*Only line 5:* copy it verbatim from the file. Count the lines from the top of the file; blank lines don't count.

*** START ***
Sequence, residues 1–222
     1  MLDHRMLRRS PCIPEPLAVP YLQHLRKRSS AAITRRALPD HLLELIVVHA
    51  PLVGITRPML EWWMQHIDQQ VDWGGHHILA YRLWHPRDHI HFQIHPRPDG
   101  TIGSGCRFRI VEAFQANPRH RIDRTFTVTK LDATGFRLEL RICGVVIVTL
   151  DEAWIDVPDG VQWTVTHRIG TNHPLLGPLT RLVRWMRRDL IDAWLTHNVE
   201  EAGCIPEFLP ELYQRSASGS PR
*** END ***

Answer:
   151  DEAWIDVPDG VQWTVTHRIG TNHPLLGPLT RLVRWMRRDL IDAWLTHNVE